The Atacama Large Millimeter/submillimeter Array (ALMA) has just received a “heart transplant,” high in the Atacama Desert in Northern Chile. ALMA, the most complex astronomical observatory ever built on Earth, installed a new hydrogen maser. Funded by the National Radio Astronomy Observatory (NRAO), this upgrade marks an essential investment, setting a new standard in reliability for observations.
A maser is an advanced atomic clock that uses the properties of the hydrogen atom to provide an extremely precise and stable frequency reference. This precision is crucial for Very Long Baseline Interferometry (VLBI) observations, enabling the synchronization of cosmic signals received by networks of telescopes spread across the globe. A brief, but fascinating, video brings together many voices across the international ALMA team to share the process of the replacement and its importance,
The new maser, now the heartbeat of ALMA’s operations, ensures a high level of accuracy essential for detailed explorations of the Universe. ALMA is a cornerstone of international astronomy as part of the Event Horizon Telescope, and other Very Long Baseline Interferometry studies, most famously revealing the first image of black hole M87* and Sagittarius A*, at the center of our own Milky Way Galaxy.
The integration of the new maser into the ALMA Array was aided by the Massachusetts Institute of Technology Haystack Observatory. The original maser remains operating as a backup, strengthening ALMA’s resilience against potential system failures and ensuring reliable, continuous astronomical research. This upgrade solidifies ALMA’s position at the forefront of astronomical research, enabling astronomers to uncover more mysteries of the Universe with greater accuracy and reliability.
About ALMA & NRAO
The Atacama Large Millimeter/submillimeter Array (ALMA), an international astronomy facility, is a partnership of the European Organisation for Astronomical Research in the Southern Hemisphere (ESO), the U.S. National Science Foundation (NSF) and the National Institutes of Natural Sciences (NINS) of Japan in cooperation with the Republic of Chile. ALMA is funded by ESO on behalf of its Member States, by NSF in cooperation with the National Research Council of Canada (NRC) and the Ministry of Science and Technology (MOST) and by NINS in cooperation with the Academia Sinica (AS) in Taiwan and the Korea Astronomy and Space Science Institute (KASI).
ALMA construction and operations are led by ESO on behalf of its Member States; by the National Radio Astronomy Observatory (NRAO), managed by Associated Universities, Inc. (AUI), on behalf of North America; and by the National Astronomical Observatory of Japan (NAOJ) on behalf of East Asia. The Joint ALMA Observatory (JAO) provides the unified leadership and management of the construction, commissioning and operation of ALMA.
NRAO is a facility of the National Science Foundation, operated under cooperative agreement by Associated Universities, Inc.
More News From Atacama Large Millimeter/submillimeter Array
The Event Horizon Telescope (EHT) Collaboration has released new images of supermassive black hole M87*. A recent paper published in the journal Astronomy & Astrophysics presents new images from data collected by the Atacama Large Millimeter/submillimeter Array (ALMA) and several other instruments within the EHT. These new images show a bright ring surrounding a deep central depression, “the shadow of the black hole,” as predicted by general relativity. Excitingly, the brightness peak of the ring has shifted by about 30º compared to the first images, which is consistent with scientists’ theoretical understanding of variability from turbulent material around black holes.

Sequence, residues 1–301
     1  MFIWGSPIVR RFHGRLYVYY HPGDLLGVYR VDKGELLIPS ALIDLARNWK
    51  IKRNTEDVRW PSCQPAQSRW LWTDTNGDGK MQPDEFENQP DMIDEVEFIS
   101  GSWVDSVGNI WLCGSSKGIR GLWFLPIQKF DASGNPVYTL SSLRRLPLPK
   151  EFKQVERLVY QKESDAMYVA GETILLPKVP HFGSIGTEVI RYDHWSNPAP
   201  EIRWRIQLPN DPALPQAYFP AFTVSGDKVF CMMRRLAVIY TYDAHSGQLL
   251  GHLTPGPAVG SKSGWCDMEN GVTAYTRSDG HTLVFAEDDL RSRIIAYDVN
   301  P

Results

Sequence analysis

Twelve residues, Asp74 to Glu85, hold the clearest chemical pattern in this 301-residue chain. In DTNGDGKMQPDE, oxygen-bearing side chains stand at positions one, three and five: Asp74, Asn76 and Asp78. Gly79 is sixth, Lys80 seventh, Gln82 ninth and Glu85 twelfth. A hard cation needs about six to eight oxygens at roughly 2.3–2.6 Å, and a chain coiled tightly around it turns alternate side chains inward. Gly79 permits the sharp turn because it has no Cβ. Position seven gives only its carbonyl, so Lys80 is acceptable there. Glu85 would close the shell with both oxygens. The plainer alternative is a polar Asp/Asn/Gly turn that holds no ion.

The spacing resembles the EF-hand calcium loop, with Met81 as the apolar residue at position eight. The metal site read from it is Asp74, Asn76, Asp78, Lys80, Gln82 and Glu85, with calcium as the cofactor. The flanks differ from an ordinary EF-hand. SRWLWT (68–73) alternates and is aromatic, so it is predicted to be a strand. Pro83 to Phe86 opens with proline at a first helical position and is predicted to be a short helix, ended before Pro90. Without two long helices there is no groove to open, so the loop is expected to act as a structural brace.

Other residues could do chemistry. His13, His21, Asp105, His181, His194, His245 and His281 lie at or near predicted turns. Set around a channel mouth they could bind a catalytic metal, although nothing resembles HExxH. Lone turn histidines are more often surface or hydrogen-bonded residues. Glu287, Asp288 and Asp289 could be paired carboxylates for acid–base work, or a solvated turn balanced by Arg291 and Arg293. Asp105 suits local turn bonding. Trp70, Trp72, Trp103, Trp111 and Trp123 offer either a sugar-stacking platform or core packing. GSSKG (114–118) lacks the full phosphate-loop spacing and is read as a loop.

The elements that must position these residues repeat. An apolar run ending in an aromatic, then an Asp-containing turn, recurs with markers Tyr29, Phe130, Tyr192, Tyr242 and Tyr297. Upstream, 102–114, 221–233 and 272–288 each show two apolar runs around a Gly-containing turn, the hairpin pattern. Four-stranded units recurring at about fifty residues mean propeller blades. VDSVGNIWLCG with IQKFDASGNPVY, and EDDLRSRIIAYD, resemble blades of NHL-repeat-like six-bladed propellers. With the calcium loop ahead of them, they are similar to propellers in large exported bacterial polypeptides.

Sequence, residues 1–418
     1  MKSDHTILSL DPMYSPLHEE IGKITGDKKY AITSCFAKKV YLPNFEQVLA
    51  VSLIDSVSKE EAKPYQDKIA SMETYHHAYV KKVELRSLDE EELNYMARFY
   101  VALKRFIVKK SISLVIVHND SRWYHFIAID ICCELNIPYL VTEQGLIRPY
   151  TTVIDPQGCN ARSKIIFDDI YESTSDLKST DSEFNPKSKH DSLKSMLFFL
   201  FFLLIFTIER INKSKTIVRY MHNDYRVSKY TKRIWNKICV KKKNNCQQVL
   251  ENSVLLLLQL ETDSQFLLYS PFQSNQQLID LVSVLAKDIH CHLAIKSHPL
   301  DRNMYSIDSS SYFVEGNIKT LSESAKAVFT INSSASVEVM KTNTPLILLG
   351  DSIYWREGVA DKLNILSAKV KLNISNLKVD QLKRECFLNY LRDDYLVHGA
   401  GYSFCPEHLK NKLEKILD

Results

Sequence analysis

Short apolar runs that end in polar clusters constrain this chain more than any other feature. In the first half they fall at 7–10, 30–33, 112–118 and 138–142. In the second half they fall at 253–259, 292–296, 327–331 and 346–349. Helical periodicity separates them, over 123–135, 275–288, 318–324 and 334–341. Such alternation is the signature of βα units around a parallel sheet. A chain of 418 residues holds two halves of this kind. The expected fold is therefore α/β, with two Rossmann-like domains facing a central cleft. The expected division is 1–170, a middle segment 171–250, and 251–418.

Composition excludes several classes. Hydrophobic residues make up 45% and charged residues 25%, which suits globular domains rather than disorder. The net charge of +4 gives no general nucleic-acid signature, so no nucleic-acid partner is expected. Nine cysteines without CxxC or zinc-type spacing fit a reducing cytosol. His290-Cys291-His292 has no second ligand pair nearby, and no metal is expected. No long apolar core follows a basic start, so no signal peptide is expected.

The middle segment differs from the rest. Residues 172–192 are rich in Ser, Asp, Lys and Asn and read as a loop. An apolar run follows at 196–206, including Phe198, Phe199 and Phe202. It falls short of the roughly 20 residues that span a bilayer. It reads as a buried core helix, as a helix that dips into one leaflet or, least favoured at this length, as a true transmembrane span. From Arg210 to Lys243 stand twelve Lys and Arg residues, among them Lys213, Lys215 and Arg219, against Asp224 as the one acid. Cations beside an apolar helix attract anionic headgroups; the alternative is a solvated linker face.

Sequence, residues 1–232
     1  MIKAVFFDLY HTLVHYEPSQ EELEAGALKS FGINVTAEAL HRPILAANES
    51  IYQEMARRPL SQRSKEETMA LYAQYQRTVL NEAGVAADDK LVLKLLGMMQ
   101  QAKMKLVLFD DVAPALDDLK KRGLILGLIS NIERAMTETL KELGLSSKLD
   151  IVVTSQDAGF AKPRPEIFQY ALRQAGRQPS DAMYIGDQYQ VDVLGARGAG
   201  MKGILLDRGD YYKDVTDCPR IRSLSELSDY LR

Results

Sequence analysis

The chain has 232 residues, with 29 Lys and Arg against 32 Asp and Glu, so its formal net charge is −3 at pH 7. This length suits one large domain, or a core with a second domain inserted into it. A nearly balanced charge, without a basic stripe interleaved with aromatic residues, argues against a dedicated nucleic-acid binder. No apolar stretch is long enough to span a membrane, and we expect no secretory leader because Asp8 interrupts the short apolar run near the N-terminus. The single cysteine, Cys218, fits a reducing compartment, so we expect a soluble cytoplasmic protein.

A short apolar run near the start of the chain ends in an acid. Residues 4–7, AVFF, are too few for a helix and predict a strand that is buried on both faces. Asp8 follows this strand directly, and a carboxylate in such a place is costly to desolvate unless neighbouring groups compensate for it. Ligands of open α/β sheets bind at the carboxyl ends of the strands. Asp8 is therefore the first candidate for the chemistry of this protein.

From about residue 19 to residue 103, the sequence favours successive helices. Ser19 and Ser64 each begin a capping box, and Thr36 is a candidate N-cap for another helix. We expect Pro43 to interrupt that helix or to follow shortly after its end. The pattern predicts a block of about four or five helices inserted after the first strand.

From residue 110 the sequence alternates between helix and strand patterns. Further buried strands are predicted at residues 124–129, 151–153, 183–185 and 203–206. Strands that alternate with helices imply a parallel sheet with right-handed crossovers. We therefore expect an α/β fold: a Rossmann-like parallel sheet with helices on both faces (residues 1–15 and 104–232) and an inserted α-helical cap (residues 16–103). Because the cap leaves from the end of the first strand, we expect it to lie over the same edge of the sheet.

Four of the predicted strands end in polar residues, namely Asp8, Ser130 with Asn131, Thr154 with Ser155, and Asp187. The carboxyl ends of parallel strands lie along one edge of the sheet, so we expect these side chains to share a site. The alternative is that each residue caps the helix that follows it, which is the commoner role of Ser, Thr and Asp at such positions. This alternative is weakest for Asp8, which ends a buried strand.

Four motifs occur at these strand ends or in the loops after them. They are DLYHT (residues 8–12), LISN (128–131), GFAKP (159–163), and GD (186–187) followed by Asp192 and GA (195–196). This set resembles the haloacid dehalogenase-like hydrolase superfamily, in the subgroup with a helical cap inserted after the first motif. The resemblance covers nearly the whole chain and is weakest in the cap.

An international team of astronomers have found ring and spiral structures in very young planetary disks, demonstrating that planet formation may begin much earlier than once thought. The results were presented today at the 243rd Meeting of the American Astronomical Society.
An international team of astronomers has revealed mysterious star formation at the far edge of the galaxy M83. This research was presented today in a press conference at the 243rd meeting of the American Astronomical Society (AAS) in New Orleans, Louisiana. The research used several instruments operated by the National Science Foundation’s National Radio Astronomy Observatory (NRAO), including the Atacama Large Millimeter/submillimeter Array (ALMA), the Karl G. Jansky Very Large Array (VLA), and the Green Bank Telescope (GBT), along with the National Astronomical Observatory of Japan’s (NAOJ) Subaru Telescope and the NASA Galaxy Evolution Explorer (GALEX).
More News Related to ALMA
Within the framework of the scientific conference “ALMA 10 years: Past, Present, Future,” which is bringing together 180 astronomers…
ALMA observes highest resolution dust polarization image ever taken of HL Tauri’s protoplanetary disk, the deepest polarization image of any disk captured thus far.
An international team of astronomers has collaborated to improve the capabilities of the Atacama Large Millimeter/submillimeter Array (ALMA), one of the world’s most powerful telescopes. Scientists from the National Science Foundation’s National Radio Astronomy Observatory (NRAO), the Joint ALMA Observatory, the National Astronomical Observatory of Japan (NAOJ), and European Southern Observatory have achieved the highest resolution observation since ALMA began operations, in one of the most challenging array configurations. The results are published today in the Astrophysical Journal.
The Event Horizon Telescope (EHT) collaboration has published new results that describe for the first time how light from the edge of the supermassive black hole M87* spirals as it escapes the black hole’s intense gravity, a signature known as circular polarization.